Output per hour – our main measure of labour productivity – fell by 0.5% in Quarter 1 (January to March) 2017. This compares with growth of 0.4% in Quarter 4 (October to December) 2016, as published in the April 2017 Productivity Bulletin and as presented in Figure 1.
The fall in productivity in Quarter 1 was the result of slower gross value added (GVA) growth (using the preliminary gross domestic product (GDP) estimate) combined with an increase in total hours worked driven by growth in both employment and average weekly hours worked (using the latest Labour Force Survey data).
The UK employment rate reached a new record high of 74.8% in the 3 months to March 2017 on the back of recent increases in full time employment.
The unemployment rate dropped to 4.6% in the 3 months to March 2017, down from 5.1% a year earlier, and is now at its lowest since 1975.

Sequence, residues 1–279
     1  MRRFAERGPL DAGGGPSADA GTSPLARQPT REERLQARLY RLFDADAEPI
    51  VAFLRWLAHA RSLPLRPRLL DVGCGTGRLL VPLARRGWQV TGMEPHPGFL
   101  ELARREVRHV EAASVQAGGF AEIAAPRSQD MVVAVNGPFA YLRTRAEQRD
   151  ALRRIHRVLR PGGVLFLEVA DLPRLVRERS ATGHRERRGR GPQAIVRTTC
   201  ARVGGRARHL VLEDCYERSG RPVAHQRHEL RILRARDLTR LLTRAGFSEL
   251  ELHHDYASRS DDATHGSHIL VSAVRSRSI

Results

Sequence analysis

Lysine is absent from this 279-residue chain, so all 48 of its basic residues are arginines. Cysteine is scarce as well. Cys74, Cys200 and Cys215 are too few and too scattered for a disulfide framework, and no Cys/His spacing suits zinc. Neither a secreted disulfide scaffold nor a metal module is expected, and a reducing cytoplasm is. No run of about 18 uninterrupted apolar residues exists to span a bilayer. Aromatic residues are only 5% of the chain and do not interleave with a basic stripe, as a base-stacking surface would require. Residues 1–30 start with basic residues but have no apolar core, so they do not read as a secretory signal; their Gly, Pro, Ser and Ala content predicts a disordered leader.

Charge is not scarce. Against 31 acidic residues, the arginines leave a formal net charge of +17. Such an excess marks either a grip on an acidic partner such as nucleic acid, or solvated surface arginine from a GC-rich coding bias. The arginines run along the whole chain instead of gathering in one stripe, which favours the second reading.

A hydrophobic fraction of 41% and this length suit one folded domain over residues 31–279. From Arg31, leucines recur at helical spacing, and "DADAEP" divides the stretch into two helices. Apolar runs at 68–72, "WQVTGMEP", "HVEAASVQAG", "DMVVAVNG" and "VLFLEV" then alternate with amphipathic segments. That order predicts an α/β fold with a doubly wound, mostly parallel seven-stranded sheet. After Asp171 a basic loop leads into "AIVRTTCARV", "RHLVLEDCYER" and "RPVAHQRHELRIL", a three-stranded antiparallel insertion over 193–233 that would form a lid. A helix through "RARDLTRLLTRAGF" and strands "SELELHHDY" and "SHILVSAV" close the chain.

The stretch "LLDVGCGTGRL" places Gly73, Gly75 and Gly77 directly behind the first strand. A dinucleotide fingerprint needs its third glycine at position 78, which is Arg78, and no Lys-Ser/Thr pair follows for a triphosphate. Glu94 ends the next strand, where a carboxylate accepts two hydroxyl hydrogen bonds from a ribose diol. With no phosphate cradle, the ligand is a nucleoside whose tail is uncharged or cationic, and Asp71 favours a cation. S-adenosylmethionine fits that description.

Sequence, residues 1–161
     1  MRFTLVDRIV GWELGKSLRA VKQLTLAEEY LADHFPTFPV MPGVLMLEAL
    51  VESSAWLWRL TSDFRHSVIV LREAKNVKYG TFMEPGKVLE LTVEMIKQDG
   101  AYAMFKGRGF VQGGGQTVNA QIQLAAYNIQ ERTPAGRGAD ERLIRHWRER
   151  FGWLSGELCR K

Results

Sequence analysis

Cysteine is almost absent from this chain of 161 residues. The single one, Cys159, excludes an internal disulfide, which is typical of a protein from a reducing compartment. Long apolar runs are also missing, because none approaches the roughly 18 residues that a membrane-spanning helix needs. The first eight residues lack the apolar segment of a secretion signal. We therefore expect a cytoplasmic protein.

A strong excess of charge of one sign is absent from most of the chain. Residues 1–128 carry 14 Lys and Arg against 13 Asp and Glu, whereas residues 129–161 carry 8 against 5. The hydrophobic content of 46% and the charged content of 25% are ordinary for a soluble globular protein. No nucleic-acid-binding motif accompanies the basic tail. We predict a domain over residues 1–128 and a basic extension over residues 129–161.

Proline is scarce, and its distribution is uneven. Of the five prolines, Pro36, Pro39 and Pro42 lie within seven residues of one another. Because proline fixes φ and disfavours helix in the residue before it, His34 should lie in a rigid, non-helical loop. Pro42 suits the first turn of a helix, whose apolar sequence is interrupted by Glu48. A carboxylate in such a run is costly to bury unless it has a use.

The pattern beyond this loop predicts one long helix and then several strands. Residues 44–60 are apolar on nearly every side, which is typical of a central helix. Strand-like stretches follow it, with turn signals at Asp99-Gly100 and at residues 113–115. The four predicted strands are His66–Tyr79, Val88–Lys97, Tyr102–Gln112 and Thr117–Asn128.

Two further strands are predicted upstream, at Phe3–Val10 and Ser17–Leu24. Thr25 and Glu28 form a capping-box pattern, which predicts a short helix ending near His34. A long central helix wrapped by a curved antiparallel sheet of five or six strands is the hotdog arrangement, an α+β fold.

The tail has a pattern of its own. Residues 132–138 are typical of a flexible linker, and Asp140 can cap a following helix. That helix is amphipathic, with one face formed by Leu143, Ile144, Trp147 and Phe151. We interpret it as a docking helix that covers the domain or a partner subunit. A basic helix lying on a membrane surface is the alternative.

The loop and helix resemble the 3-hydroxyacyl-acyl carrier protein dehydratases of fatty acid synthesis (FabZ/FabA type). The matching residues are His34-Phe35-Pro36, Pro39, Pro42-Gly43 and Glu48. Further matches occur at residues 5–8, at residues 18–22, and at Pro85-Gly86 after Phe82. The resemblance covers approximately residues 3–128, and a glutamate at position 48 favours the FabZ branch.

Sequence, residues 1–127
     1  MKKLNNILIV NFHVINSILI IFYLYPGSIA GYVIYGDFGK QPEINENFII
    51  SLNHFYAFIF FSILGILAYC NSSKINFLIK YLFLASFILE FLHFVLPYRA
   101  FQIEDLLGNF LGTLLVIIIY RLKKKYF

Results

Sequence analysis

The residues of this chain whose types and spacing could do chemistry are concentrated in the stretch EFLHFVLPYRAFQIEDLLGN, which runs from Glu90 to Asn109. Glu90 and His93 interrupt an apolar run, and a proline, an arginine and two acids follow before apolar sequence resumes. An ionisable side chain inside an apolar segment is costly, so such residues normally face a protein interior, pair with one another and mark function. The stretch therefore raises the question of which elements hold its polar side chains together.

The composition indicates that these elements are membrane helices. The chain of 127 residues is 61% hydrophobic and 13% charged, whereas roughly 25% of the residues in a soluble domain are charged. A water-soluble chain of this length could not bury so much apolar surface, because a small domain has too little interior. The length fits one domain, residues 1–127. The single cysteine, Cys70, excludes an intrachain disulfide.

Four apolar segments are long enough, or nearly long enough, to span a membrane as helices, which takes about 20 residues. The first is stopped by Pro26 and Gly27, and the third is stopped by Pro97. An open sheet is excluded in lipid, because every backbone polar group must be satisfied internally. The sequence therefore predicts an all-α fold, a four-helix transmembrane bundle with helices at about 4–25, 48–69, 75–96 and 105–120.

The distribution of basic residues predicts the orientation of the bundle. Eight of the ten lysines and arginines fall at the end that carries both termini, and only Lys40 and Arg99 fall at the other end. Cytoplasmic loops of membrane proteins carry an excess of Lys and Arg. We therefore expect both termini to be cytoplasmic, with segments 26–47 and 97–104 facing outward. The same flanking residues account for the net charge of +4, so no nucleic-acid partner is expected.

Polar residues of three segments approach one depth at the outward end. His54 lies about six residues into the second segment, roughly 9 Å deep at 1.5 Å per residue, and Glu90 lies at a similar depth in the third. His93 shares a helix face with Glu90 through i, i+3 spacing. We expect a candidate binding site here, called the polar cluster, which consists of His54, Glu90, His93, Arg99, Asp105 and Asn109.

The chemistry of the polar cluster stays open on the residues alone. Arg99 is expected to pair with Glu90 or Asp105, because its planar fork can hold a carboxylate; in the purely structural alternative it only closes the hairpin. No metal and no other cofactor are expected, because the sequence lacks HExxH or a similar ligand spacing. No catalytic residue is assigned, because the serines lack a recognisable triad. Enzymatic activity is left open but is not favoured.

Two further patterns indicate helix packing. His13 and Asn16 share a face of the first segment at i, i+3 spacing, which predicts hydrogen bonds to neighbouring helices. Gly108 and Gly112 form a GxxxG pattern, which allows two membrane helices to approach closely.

The number of vacancies increased by 3% in the 3 months to April 2017 to 777,000, the highest level on record.
Estimates from the Labour Force Survey show that, between October to December 2016 and January to March 2017, the number of people in work increased, the number of unemployed people fell, and the number of people aged from 16 to 64 not working and not seeking or available to work (economically inactive) also fell.
There were 31.95 million people in work, 122,000 more than for October to December 2016 and 381,000 more than for a year earlier.
The employment rate (the proportion of people aged from 16 to 64 who were in work) was 74.8%, the highest since comparable records began in 1971.
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